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2464 Ironing out the Wrinkles: Low Molecular Weight Iron Dextran and Premedications

Program: Oral and Poster Abstracts
Session: 102. Iron Homeostasis and Biology: Poster II
Hematology Disease Topics & Pathways:
Clinical Practice (Health Services and Quality), Adverse Events
Sunday, December 10, 2023, 6:00 PM-8:00 PM

Nina S Mathew, Joe S. Al-Ramahi* and Tahani Atieh, D.O.

University of Kansas Medical Center, Westwood, KS

Intravenous (IV) iron infusion increases hemoglobin levels and reduces the need for transfusions compared to oral iron in patients with iron deficiency. Low molecular weight iron dextran (LMW ID) has a boxed warning for anaphylactic-type infusion reactions and premedication is commonly given. However, a recent multi-institution cohort study showed similar rates of infusion-related adverse events (AEs) with iron sucrose (4.3%) and iron dextran (3.8%), and a 23-fold higher incidence of AEs among those who received premedication compared with those who did not (38.6% vs 1.7%).

There is currently a national shortage of iron dextran. A study during a previous iron dextran shortage in 2016 showed that the increased use of newer IV iron formulations persisted even once the shortage ended. This may in part be due to the concern for infusion reactions, but the use of these formulations comes at a significant cost. An analysis of the US FDA database showed that, based on differences in the average price of iron sucrose and LMW ID, the cost to prevent one life-threatening AE related to the use of LMW ID was estimated to be 5.0-7.8 million dollars. The cost to prevent one LMW ID-related death was estimated to be 33 million dollars.

To further evaluate the incidence of infusion reactions and the use of premedication at the University of Kansas Medical Center, we performed a retrospective analysis of all patients who received their first ever infusion of iron dextran between 1/1/2021-12/31/2022. Infusion reactions were characterized as severe if hypoxia (O2<90%), hypotension (<100/80) or hospital admission occurred. Ninety-six patients were identified. 17 (17.7%) were males and 79 (82.3%) were females. There were 49 (51%) Caucasian, 26 (27.1%) African Americans, 12 (12.5%) Hispanic, and 9 (9.4%) others. 8 patients had infusion reaction (8.3%; 95% CI 4.0-15.1%) as determined by review of nursing documentation. Serious infusion reactions with LMW ID were rare (n=2, 2.1%), and neither patient required epinephrine administration nor hospitalization.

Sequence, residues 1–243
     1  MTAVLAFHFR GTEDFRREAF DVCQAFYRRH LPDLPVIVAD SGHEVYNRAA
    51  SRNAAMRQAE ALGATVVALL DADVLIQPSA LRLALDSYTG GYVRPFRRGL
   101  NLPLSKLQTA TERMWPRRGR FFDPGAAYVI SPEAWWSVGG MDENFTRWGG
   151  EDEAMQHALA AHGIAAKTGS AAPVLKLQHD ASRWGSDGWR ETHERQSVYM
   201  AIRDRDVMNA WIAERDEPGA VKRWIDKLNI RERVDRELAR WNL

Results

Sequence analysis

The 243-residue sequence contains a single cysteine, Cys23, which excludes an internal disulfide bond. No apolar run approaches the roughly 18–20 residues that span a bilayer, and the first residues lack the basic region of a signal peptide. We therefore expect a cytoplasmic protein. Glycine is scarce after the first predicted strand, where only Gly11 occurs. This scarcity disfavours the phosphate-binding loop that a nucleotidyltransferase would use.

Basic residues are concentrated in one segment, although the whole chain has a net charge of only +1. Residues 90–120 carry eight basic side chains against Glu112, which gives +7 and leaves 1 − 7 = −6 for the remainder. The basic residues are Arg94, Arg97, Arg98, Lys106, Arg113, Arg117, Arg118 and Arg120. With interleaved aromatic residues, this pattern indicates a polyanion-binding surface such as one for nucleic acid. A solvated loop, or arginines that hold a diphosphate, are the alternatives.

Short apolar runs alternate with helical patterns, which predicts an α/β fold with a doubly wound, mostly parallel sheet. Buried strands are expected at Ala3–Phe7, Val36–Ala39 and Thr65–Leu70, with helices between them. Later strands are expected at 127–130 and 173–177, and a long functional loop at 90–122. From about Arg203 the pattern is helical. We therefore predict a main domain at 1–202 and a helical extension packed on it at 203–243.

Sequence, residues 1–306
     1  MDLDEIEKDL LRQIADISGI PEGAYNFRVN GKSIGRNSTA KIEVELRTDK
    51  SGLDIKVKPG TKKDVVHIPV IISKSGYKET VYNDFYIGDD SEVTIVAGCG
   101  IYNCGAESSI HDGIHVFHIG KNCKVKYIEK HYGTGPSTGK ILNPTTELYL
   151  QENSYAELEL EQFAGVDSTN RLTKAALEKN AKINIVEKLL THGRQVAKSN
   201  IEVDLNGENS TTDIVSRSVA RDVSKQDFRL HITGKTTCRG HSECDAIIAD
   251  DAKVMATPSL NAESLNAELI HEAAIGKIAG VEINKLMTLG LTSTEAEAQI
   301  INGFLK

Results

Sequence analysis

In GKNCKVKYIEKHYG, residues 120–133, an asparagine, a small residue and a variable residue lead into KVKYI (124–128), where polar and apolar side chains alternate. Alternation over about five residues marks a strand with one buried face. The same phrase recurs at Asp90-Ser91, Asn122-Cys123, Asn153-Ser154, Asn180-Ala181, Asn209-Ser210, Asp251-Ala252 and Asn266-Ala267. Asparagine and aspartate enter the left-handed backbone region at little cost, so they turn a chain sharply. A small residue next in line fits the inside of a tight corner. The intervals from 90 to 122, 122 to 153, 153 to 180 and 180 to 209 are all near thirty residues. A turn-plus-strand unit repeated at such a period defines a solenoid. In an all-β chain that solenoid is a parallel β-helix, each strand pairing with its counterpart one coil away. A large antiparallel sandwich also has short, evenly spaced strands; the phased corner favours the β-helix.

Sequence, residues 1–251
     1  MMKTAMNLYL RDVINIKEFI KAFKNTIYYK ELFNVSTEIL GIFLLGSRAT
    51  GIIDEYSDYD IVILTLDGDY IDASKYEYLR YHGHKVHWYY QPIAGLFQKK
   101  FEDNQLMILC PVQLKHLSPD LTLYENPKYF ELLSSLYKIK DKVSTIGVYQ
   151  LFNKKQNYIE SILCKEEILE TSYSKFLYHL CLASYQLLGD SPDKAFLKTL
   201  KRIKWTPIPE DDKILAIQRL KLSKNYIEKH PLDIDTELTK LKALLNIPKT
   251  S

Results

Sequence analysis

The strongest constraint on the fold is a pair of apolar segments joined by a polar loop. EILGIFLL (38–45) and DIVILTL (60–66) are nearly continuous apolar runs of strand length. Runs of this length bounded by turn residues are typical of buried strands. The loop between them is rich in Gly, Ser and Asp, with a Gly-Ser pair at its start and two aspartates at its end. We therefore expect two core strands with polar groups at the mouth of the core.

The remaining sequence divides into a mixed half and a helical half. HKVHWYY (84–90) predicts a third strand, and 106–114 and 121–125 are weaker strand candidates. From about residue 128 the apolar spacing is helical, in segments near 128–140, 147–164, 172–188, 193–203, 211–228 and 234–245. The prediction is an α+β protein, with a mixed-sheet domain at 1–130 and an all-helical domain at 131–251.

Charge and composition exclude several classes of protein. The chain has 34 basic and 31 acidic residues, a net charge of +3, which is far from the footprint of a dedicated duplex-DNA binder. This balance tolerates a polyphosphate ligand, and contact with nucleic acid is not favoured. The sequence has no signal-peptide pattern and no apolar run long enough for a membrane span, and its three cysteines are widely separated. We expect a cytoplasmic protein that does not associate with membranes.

Patients with history of allergies (n=61, 63.5%) had a higher incidence of AEs compared to those who did not (13.1% [95% CI, 6.4-23.2%] vs 0.0%, P = 0.022). This was even higher in 27 (28.1%) patients with 3 or more allergies (18.5% [95% CI, 7.4-35.9%] vs 0.0%, P = 0.019). In 71 (80.2%) patients who received premedication, there was a lower incidence of AEs compared to those who did not (3.9% vs 26.3%; χ2 = 10.02; P =0.007). The incidence of AEs was compared with individual premedication, and lower incidences were seen in 64 (66.7%) patients with diphenhydramine (3.1% vs 18.8%, χ2 = 6.82; P =0.015), 50 (52.1%) with methylprednisolone (2.0% vs 15.2%, χ2 = 5.48; P =0.022), and 46 (47.9%) with acetaminophen (0.0% vs 16%, χ2 = 8.03; P =0.004).

Notably, a variety of premedication combinations and doses were used, indicating a lack of standardization even within a single institution. No patient who received acetaminophen experienced an infusion reaction. By contrast, there was no significant difference in patients receiving famotidine, suggesting that while acetaminophen may be a useful premedication, famotidine may not be beneficial. Further, our data strongly suggests that patients without a history of drug allergies do not require premedication.

Our retrospective study demonstrates significant benefit to receiving premedication, which is divergent when compared to previous studies. This may be due to several reasons: the previously mentioned multi-center study included multiple formulations of IV iron, had a much lower rate of premedication (6% vs. 80%), and used a different definition of infusion reaction.

In the multi-center cohort study, administration of medications post-iron infusion was used as a surrogate marker of reaction, while in our study it was based on review of nursing documentation. Both our study and the prior multi-center study noted an increased incidence of infusion reactions in patients with a history of allergies, and both demonstrated the rarity of serious reactions.

Based on these results and the prior studies indicating the increased cost of other IV iron formulations, consideration of reinstitution of LMW ID with de-escalation of premedication in those without history of drug allergies should be considered once the current drug shortage resolves.

Disclosures: No relevant conflicts of interest to declare.

*signifies non-member of ASH